VERRARI - "Are Ventricular Arrhythmic Episodes Reduced by Rate Response in ICDs?"
"The purpose of this study is to evaluate the influence of the rate response function of implantable cardioverter defibrillators (ICDs) on the frequency of ventricular arrhythmias in patients with an ICD."
|Study Design:||Allocation: Randomized
Intervention Model: Crossover Assignment
Masking: Open Label
Primary Purpose: Prevention
|Official Title:||VERRARI - "Are Ventricular Arrhythmic Episodes Reduced by Rate Response in ICDs?"|
- frequency of ventricular arrhythmias at 6 and 12 months follow ups
- medication, anamnesis, quality of life, 6 min walktest, echocardiographic parameters and optionally spiroergomatry at 6 and 12 months follow ups,
|Study Start Date:||June 2001|
|Study Completion Date:||November 2004|
"Background: Studies have shown that bradycardia and irregular heart rates may increase the incidence of ventricular arrhythmias. Regularizing the heart rate and avoiding bradycardias by rate responsive pacing may be a way to reduce these arrhythmias.
This is a prospective, open-label, randomized multicenter study. Inclusion criteria: Patients with an indication for an ICD according to the AHA/ACC-guidelines who get a rate response system and have more than 5 % rate adaptive pacing during a one month screening phase may be included if they have given written informed consent. Rate adaptive pacing must not be contraindicated, patients must be able to perform a 6 min walk test, must not be NYHA IV and should have a life expectancy of more than 18 months.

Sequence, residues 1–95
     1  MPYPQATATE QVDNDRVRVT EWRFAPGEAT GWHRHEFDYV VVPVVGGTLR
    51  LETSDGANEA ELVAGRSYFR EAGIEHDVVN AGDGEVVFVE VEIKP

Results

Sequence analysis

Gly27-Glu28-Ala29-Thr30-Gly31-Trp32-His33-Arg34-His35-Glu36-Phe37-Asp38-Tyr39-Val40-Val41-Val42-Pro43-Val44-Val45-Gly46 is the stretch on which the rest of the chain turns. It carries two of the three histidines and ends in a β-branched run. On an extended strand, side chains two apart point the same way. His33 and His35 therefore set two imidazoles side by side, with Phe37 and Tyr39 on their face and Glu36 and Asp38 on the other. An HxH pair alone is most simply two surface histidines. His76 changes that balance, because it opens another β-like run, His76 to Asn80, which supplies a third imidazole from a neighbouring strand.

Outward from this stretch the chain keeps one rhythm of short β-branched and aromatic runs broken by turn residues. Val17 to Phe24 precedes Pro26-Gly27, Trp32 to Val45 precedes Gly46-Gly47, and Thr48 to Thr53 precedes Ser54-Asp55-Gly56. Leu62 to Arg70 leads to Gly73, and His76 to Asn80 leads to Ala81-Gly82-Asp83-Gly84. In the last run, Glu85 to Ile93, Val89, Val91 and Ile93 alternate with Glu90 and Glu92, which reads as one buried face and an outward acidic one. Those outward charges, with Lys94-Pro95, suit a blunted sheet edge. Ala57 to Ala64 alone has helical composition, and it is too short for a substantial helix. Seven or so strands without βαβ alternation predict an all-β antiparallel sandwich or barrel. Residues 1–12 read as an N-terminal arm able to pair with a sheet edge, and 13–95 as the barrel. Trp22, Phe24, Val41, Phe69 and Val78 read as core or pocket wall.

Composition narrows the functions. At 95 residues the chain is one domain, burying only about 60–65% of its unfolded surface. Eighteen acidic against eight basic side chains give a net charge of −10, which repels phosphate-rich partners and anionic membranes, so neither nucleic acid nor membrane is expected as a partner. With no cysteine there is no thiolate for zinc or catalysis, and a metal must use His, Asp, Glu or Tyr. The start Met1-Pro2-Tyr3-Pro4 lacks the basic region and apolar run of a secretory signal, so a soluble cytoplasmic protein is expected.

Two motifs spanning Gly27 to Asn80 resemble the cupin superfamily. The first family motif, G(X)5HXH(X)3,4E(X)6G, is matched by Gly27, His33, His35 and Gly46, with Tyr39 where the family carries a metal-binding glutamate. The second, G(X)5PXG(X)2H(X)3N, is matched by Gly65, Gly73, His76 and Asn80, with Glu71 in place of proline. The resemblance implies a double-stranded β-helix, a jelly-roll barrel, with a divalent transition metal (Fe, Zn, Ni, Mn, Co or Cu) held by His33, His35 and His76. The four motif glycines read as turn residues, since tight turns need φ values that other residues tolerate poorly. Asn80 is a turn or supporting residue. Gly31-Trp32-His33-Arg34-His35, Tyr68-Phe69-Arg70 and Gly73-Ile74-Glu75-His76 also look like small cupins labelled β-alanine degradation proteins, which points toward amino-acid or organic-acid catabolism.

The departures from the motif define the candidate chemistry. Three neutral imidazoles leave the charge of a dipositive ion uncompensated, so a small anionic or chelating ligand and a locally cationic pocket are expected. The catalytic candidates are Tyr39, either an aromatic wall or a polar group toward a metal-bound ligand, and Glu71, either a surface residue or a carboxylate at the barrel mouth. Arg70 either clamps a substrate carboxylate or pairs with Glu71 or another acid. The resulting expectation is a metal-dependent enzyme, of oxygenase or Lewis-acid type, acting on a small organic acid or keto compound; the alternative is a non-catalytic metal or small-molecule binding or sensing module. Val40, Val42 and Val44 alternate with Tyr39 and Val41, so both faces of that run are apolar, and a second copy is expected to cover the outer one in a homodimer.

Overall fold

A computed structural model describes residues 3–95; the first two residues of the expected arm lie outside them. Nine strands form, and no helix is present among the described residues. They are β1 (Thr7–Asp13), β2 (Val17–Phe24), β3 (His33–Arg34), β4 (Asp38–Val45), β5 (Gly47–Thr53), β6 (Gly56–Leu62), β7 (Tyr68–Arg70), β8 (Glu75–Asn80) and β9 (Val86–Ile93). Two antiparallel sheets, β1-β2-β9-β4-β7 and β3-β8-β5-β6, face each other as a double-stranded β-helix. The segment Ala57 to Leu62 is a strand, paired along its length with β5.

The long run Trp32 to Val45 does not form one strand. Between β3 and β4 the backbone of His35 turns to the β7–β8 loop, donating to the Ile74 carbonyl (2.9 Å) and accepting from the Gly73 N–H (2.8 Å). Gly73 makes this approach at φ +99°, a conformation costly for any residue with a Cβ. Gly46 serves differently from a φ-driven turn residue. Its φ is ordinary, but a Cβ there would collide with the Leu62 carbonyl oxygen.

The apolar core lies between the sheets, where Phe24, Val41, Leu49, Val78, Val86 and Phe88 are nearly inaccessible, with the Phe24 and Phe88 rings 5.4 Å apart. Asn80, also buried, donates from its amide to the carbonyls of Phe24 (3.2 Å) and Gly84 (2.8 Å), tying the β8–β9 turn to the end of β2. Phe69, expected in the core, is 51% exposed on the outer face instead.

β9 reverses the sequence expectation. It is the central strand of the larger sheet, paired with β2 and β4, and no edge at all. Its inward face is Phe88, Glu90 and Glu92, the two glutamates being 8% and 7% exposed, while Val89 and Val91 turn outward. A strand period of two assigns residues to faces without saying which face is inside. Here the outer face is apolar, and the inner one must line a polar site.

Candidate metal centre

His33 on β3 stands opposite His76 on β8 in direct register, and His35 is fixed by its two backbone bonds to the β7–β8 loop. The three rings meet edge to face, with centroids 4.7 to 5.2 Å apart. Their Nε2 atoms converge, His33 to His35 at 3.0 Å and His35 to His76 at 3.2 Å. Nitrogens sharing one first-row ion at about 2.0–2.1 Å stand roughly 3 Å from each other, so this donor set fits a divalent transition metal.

Patients will be randomly assigned to 6 months of rate responsive pacing followed by 6 months of no rate responsive pacing, vice versa respectively. At 6 and 12 months follow ups, ICD stored data, arrhythmic episodes, medication, anamnesis, quality of life, 6 min walktest, echocardiographic parameters and optionally spiroergomatry will be evaluated and compared."
Please refer to this study by its ClinicalTrials.gov identifier: NCT00180427
|Medizinische Klinik der Medizinischen Hochschule|
|Principal Investigator:||Michael Niehaus, MD||Hannover Medical School|